Water is a human right

And getting get labor law reform through the House of Representatives


Happy December! I hope you all had a great Thanksgiving.

I have two new stories to share this week.

The first is in The Intercept, and it looks at a transformative bill to reform labor law in the U.S, that’s been sitting quietly on House Speaker Nancy Pelosi’s desk for two months, with no sign of when she might bring it to a full vote. (For those not steeped in confusing Congress jargon, once a bill passes its committee—in this case, the House Labor Committee—then only the House Speaker can move it on to the next stage of the legislative process.) Pelosi’s slowness in moving this bill forward has been frustrating to unions and labor allies, as there is already enough support for its passage, and because it’s a top political priority for a key Democratic constituency going into 2020.

The bill—called the Protecting the Right to Organize Act—or the PRO Act, would be the biggest rewrite of labor law in decades. It would eliminate right-to-work laws, impose new penalties on employers who retaliate against union organizing, crack down on worker misclassification, and establish new rules so that employers cannot delay negotiating collective bargaining contracts. It already has 215 Democratic co-sponsors, and that doesn’t even include people like Pelosi and Majority Whip James Clyburn, who don’t co-sponsor bills but would surely vote for this.

Meanwhile, Pelosi and about a dozen other Democrats have been very focused on finalizing a trade deal by the end of the year, despite organized labor’s concerns that the proposed deal may lack the enforcement mechanisms necessary to ensure it actually is a good agreement for workers.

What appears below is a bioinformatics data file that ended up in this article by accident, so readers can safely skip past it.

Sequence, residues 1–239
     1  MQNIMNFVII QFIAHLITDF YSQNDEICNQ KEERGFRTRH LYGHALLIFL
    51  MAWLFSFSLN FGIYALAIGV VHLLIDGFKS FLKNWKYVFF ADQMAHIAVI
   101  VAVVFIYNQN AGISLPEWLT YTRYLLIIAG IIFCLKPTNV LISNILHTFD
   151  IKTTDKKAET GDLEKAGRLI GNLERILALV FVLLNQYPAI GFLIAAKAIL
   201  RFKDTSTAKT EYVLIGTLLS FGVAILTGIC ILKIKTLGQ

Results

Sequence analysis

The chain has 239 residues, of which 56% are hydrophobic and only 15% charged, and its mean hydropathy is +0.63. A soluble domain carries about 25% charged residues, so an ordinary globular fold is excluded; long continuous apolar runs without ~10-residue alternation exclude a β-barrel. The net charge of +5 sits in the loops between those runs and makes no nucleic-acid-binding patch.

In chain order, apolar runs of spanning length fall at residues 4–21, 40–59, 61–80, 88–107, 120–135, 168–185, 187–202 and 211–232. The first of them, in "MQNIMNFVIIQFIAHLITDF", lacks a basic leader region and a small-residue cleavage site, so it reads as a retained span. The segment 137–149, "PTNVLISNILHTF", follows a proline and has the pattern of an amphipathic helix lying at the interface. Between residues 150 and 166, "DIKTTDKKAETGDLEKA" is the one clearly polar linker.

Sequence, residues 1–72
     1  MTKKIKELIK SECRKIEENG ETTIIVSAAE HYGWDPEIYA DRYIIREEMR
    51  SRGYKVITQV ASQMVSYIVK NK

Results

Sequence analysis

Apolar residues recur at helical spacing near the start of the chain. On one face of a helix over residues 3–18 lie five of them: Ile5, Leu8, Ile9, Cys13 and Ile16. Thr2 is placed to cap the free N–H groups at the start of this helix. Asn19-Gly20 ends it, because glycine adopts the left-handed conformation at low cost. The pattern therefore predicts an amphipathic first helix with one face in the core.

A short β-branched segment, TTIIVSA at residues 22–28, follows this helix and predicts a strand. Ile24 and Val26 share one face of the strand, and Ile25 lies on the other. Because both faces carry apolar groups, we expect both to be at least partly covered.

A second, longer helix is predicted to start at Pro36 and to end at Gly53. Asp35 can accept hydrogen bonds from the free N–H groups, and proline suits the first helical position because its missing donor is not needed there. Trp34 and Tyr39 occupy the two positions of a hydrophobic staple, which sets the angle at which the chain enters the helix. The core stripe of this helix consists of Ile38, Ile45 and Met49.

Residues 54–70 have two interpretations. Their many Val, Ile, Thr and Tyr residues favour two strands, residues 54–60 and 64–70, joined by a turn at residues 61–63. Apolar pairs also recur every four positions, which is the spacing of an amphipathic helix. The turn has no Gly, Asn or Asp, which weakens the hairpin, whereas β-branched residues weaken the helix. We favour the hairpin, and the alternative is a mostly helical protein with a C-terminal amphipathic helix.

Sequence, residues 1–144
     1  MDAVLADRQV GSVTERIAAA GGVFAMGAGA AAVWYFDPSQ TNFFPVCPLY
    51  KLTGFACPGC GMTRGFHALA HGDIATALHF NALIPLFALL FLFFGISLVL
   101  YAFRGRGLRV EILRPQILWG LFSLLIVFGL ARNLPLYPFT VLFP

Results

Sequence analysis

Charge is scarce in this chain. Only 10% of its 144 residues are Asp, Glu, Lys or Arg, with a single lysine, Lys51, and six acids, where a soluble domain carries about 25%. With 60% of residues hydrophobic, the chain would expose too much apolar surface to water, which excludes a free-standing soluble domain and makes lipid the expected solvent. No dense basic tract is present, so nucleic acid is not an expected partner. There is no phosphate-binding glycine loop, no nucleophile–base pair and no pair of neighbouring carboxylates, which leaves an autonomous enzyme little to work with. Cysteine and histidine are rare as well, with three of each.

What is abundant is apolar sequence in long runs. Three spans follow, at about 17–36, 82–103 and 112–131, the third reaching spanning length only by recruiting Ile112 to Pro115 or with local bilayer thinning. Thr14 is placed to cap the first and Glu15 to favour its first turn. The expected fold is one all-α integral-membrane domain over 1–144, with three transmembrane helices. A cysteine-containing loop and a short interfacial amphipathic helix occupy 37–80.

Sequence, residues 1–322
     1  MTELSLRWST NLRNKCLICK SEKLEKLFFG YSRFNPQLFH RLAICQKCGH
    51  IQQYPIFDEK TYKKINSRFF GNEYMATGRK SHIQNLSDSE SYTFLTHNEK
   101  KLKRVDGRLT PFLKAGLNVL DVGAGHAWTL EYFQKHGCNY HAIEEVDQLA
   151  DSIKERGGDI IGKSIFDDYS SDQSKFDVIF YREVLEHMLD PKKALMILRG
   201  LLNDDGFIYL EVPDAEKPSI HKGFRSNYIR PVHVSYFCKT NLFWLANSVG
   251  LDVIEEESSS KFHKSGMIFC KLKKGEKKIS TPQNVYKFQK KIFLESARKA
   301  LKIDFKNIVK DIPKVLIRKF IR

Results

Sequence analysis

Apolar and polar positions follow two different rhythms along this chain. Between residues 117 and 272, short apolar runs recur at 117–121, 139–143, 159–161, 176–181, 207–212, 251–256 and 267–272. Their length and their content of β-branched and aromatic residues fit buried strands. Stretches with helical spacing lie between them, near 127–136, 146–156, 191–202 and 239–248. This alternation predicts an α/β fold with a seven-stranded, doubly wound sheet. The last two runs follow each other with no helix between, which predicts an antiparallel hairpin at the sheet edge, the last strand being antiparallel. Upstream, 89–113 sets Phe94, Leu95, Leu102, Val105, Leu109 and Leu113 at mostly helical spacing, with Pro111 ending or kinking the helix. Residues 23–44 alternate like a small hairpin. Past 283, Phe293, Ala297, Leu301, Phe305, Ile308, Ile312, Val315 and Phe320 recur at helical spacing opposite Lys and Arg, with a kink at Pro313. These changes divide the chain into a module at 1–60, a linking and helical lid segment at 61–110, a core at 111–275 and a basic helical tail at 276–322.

Jamelle Bouie, a New York Times op-ed columnist, actually published an entire column today expanding on some of the ideas in my piece, and he linked directly to my story. So that was very exciting, and you can read his column here.

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I also published a new piece in The American Prospect about a landmark bill set to pass in Baltimore around water affordability. I learned a lot reporting this story about the ways in which water bills have grown so unaffordable across the nation due to deteriorating infrastructure and declining federal investment. The result has been that local water rates keep rising, in order to finance necessary repairs and upgrades, but household incomes have not been rising as fast, which means more people are having their water shutoff, going into fiscal strain, or into flat-out water debt.

In Baltimore advocates and lawmakers have worked to craft a bill meant to help address some of this problem. It would work by capping water bills for low-income residents, making it easier for them to get out of water debt, and making it easier for all consumers to challenge the myriad billing problems residents regularly face. It’s an exciting bill, and leaders in Chicago and Detroit are now considering similar local measures. On the federal level, there’s also a bill dedicated to upgrading the nation’s water infrastructure, though it has little chance of passage under this administration.

Thanks for reading and for supporting this journalism.

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Can DC Avoid Becoming SF?

D.C. Is Rapidly Gentrifying and the Fate of its Affordable Housing Hangs in the Balance

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This week I published a feature story in Washington City Paper looking at the future of housing in D.C. I spent the last month trying to make sense of the dizzying number of promises, plans, and research studies flying around about housing affordability here.

It’s a cliché but not an exaggeration to say D.C. is at a crossroads. It’s become one of the most expensive cities to live in, it tops the national charts when it comes to gentrification and displacement of low-income residents, and it also has a booming economy and higher-paying jobs compared to many other cities—so people increasingly want to move here.